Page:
Justice for future generations: imagining a different future

Climate change raises challenging issues of justice or fairness between generations- so called intergenerational justice. This occurs because a continued failure by current generations to take action on climate change unfairly shifts the burden of climate change onto the next generation, who have done nothing to cause the problem. Furthermore, failure by this generation to address climate change means that more must be done by the next generation, pushing up the costs of action.

But what do we owe future generations? A “no harm principle” applied by us all in many contexts suggests that we should refrain from action that will harm the interests of others where we have viable alternatives to this action. Renewables are clearly now a viable alternative to fossil fuels.

A further basis is the principle (following Simon Caney and Henry Shue) that all persons, regardless of when and where they are born, possess basic human rights (to life, health and subsistence), which are threatened by climate change.

Implementing intergenerational justice is impossible without also considering international justice. Developing countries, struggling to address poverty, tend to see the responsibility for future generations as resting on the shoulders of the wealthy industrialised countries who created the problem in the first place. With developing country emissions overtaking those of the developed countries, there is an urgent need to build trust between the North and the South by addressing structural inequalities in the global economic system, including, for example, in relation to agricultural subsidies. Responsibility towards future generations needs to become a responsibility shared by the entire global community. But this will only occur if mistrust between North and South is addressed by genuine reform.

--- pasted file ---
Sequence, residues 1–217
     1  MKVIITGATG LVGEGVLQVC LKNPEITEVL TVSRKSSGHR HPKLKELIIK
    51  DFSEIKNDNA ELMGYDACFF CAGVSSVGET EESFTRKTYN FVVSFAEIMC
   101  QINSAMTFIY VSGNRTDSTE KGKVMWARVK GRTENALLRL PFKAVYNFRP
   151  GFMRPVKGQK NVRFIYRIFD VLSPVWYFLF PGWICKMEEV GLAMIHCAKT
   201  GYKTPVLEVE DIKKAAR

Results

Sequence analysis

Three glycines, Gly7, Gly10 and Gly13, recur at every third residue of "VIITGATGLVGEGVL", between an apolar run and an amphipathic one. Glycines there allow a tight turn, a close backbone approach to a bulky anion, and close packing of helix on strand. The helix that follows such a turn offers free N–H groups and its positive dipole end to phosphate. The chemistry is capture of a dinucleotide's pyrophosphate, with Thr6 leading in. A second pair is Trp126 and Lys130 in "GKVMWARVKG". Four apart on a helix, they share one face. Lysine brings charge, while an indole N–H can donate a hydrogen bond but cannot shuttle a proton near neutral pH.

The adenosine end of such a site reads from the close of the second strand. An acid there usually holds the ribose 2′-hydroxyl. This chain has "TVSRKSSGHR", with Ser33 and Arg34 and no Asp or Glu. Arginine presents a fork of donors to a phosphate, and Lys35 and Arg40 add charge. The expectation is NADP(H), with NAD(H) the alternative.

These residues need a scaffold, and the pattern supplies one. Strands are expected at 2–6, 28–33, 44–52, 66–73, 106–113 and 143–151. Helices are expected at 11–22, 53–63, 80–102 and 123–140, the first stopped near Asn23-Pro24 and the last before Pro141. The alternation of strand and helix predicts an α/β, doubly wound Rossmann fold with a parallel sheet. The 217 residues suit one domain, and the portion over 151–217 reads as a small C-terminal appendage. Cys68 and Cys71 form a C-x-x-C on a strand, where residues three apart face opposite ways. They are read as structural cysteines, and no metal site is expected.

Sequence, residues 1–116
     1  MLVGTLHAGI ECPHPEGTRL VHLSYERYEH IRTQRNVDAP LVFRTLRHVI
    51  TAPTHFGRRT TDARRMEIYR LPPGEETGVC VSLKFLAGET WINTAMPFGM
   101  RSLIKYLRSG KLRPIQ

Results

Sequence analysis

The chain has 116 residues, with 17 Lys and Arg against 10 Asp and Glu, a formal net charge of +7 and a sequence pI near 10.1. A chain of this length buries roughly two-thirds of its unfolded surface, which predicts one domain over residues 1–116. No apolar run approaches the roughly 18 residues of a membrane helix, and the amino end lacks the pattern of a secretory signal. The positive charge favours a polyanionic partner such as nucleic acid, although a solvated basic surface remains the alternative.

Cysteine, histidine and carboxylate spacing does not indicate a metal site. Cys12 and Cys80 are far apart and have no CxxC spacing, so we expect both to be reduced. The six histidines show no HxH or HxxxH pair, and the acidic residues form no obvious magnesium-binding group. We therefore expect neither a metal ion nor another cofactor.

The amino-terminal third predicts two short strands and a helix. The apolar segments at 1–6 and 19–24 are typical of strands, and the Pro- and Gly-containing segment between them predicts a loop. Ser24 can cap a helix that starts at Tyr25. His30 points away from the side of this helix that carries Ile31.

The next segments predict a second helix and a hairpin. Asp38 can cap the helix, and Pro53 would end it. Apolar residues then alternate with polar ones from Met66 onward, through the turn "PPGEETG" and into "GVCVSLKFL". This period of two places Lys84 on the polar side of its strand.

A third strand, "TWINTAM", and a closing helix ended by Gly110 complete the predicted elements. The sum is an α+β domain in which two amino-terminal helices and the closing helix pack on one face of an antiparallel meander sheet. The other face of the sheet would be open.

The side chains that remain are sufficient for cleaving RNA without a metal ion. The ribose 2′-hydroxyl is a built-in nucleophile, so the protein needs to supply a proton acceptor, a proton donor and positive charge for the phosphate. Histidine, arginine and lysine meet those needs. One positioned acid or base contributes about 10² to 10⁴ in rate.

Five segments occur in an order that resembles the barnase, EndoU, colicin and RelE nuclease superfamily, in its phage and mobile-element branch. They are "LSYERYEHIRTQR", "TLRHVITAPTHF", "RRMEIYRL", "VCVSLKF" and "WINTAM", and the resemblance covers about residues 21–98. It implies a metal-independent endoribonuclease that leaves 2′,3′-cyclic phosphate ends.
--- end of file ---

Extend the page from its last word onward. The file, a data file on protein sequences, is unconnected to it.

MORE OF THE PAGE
It is also worth noting that intergenerational justice also involves questions of justice within societies.  With the move away from fossil fuels, structural economic change entailed in the necessary transitions will have variable distributional social impacts, also giving rise to important issues of justice.

Implementing justice for future generations requires us to imagine different futures. Ethical action is only possible if we consider the future to be rich in possibilities and not predetermined in doomsday, self-fulfilling prophesies. At the conference Imagining a different future: overcoming barriers to climate justice, Marcus Duwall and Catriona McKinnon will address these issues.

(See https://www.climatejustice.network – click on provisional agenda- see plenary day one – 8 February)



  Peter Lawrence  is Senior Lecturer at the Faculty of Law, University of Tasmania and author of   Justice for Future Generations: Climate Change and International Law   (Edward Elgar)

Peter Lawrence is Senior Lecturer at the Faculty of Law, University of Tasmania and author of Justice for Future Generations: Climate Change and International Law (Edward Elgar)